Although the disadvantages of CIP systems are minimal, some companies still resist adopting this technology (4). One of the most common reasons is the physical limitation of these companies’ process equipment. Not all manufacturing equipment can be completely cleaned in place without engineering modifications. Even with modifications, cleaning out of place may still be needed. Time and cost are also factors: CIP equipment must be qualified, which consumes time and resources. In addition, the required software and hardware may be complex and may need to be custom-designed for each process. No one-size fits all solution is available. Consequently, a CIP system requires an initial capital project investment for acquisition, installation, and qualification of the unit before operators can run it in a GMP-regulated environment.

If a facility chooses to invest in a CIP system, several design guidelines will optimize the system’s operation and cleaning effectiveness.

CIP cycle development and validation for GMP applications
Once a CIP system has been thoughtfully designed, it must be tested. Equipment qualification should be successfully executed before placing the CIP system into full operation (5, 6). The installation qualification, operational qualification, and computer qualification ensure that all the CIP components will operate as designed.

In addition to testing the mechanics of the system, it is important to determine the cycle phases and cleaning formulations that will be most effective. Prevalidation studies are helpful for establishing the cleaning chemistries and cycle parameters in a CIP cycle. A standard CIP program can include the following items:

  • A once-through flush-to-drain to remove bulk soil load
  • A recirculated alkaline wash
  • A short water rinse to remove alkaline cleaner
  • A recirculated acid rinse
  • A water rinse to remove acid cleaner
  • A high-quality water rinse to drain
  • Drying by heat or nitrogen purge.

Validation demonstrates that a series of steps and parameters will consistently produce the expected results. An internally reviewed and approved protocol should be developed for this testing that includes objectives, methodology, and acceptance criteria. Validation should follow the protocol, and the data developed during its execution must be collected and attached to the final validation-closure package. Many reference books and training materials are available to assist with the development of cGMP cleaning protocols and procedures (7).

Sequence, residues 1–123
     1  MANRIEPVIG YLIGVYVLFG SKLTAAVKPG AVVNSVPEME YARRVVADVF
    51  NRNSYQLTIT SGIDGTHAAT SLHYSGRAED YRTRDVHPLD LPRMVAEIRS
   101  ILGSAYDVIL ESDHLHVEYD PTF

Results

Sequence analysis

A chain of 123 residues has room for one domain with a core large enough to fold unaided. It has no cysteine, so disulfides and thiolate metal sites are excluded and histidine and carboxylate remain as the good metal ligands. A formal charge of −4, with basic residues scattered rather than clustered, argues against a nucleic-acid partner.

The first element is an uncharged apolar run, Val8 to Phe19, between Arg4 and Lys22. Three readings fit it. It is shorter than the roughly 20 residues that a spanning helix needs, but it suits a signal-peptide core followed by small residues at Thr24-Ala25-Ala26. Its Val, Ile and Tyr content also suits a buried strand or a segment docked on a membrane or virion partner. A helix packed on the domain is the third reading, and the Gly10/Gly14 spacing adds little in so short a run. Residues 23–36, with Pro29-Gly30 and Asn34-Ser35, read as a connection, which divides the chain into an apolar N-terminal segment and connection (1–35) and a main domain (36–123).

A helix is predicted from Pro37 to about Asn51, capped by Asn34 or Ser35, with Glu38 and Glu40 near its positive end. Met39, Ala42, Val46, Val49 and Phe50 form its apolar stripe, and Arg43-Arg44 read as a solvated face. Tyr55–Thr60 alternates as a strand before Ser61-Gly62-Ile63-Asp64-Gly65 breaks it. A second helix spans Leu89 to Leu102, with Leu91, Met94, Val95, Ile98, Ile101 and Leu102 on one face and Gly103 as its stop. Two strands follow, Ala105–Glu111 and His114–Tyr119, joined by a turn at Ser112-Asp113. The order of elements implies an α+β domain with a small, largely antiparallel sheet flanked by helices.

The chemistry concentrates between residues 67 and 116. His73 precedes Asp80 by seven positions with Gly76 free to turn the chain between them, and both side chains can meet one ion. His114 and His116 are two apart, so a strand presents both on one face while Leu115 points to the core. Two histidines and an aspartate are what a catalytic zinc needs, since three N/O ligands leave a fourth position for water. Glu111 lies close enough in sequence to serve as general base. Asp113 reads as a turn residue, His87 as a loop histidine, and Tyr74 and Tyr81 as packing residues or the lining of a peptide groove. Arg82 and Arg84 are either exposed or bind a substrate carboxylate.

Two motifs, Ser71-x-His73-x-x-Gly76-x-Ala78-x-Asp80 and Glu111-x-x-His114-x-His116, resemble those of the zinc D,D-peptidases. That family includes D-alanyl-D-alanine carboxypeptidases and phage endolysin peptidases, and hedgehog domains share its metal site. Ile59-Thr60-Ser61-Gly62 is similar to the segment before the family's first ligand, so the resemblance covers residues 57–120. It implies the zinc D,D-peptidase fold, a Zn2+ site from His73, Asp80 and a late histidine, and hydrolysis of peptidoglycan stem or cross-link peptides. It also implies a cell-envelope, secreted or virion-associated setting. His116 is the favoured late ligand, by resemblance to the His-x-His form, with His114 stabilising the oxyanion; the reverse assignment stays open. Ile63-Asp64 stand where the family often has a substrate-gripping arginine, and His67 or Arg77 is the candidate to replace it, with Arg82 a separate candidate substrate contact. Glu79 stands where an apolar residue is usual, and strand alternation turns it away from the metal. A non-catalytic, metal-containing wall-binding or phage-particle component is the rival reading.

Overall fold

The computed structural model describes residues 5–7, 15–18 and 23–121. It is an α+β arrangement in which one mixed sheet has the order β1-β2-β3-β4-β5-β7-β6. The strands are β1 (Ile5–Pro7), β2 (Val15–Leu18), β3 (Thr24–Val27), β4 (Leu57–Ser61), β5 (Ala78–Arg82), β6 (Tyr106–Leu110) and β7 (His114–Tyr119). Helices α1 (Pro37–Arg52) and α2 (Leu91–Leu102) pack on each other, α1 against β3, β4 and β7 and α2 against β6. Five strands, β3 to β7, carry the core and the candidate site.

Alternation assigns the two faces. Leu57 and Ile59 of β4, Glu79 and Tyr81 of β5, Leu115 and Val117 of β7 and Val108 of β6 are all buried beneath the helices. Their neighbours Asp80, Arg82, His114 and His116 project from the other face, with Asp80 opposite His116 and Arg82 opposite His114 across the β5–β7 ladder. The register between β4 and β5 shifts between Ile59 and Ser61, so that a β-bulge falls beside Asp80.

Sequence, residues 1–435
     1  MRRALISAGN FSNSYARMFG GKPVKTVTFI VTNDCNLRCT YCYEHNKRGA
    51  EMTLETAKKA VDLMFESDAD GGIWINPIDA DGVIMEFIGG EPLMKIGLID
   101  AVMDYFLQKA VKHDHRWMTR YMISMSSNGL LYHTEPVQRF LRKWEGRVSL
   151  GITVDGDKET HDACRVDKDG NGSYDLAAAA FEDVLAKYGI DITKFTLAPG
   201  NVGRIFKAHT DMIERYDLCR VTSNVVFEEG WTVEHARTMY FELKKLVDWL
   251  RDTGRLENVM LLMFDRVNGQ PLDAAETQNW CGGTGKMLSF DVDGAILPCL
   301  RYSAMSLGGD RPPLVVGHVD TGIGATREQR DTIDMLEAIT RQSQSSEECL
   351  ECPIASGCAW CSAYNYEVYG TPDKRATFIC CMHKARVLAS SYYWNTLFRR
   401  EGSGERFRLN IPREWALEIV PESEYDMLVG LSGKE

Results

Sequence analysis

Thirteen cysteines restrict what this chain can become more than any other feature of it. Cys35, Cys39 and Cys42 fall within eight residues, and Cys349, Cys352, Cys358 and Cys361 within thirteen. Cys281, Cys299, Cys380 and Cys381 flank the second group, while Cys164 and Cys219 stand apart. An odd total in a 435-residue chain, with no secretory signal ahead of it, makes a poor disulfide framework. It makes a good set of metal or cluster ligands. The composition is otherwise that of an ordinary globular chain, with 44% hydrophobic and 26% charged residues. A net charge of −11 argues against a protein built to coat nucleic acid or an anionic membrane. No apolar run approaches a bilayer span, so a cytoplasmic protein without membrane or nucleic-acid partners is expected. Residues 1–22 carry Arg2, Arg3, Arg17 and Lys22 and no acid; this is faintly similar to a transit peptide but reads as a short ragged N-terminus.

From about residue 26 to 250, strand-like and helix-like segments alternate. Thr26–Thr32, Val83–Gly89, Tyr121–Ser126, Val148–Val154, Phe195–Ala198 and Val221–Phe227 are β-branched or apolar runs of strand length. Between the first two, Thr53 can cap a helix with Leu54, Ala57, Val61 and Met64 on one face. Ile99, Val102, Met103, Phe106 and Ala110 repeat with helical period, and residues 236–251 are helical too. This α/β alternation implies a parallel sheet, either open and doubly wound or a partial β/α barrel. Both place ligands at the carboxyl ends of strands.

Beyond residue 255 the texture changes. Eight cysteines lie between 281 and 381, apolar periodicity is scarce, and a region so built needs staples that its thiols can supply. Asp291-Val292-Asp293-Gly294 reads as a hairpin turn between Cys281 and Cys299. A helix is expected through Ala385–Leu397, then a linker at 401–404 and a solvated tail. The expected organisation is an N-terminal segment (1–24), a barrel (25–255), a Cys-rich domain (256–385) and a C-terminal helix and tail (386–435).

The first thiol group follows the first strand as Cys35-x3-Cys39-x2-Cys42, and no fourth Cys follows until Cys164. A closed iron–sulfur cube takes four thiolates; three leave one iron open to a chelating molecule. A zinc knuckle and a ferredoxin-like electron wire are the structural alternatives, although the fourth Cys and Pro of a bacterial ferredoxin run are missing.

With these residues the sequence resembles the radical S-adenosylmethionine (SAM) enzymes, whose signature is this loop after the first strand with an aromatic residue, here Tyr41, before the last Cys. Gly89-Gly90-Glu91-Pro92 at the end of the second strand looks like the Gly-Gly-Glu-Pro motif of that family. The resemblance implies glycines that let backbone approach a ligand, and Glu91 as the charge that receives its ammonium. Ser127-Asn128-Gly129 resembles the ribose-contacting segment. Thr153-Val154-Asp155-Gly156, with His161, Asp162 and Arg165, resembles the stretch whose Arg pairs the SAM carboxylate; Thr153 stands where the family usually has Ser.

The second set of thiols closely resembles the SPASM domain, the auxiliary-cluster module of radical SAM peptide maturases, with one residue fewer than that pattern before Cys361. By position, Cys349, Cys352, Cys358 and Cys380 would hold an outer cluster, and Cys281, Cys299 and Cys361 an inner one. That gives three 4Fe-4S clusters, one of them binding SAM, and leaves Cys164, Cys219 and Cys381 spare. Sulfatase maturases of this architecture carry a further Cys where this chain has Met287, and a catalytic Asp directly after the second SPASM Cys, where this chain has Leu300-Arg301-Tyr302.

Take advantage of all CIP design resources
An effective CIP process design depends on the correct identification of system components and an understanding of how these components can help or hurt a successful cleaning configuration. Having these guidelines at hand can simplify the understanding of requirements for designing and implementing a reliable and effective CIP process. Quality, technical, and production personnel can all use these guidelines.

CIP system designs, however, are far more complex than the concepts discussed in this article; they usually require the involvement of subject matter experts to ensure that all necessary aspects of the process are addressed. The principles discussed in this article, even when supported by published references, cannot replace the advice and expertise of manufacturers and project-design professionals who can provide direct, practical, and cost-effective guidance during an on-site review. It is wise to take full advantage of the available expertise, which can save time, resources, and aggravation in the long run.

Note: Part II of this article, which describes the characteristics of equipment that can be cleaned in place, will appear in the July issue of Equipment & Processing Report.

References

  1. D.A. Seiberling and J.M. Hyde, “Pharmaceutical Process Design Criteria for Validatable CIP Cleaning,” in Cleaning Validation (Institute of Validation Technology, Duluth, MN, 1997), pp. 38–58.
  2. D.A. Seiberling, Clean-in-Place for Biopharmaceutical Processes, D. Seiberling, Ed. (Informa Healthcare, New York, NY, 1st ed., 2007).
  3. G. Verghese and P. Lopolito, “Cleaning Engineering and Equipment Design,” in Cleaning and Cleaning Validation, P. Pluta, Ed. (DHI Publishing, River Grove, IL, vol. I, 2009), pp. 123–150.
  4. G.J. Cerulli and J.W. Franks, Chem. Eng. 109 (2), 78–82 (2002).
  5. PIC/S, PE 006-3: Validation Master Plan Installation and Operational Qualification Non-sterile Process Validation Cleaning Validation (Geneva, Sept. 2007), pp. 1–26.
  6. FDA, Guidance for Industry—Process Validation: General Principles and Practices, (Rockville, MD, Jan. 2011), pp. 1–19.
  7. D.A. LeBlanc, Validated Cleaning Technologies for Pharmaceutical Manufacturing (Interpharm/CRC Press, Boca Raton, FL, 1st ed., 2000).

Elizabeth Rivera is a technical service specialist for STERIS, 7405 Page Ave., St. Louis, MO 63133, tel. 314.290.4783, fax 314.290.4650, erivera@steris.com.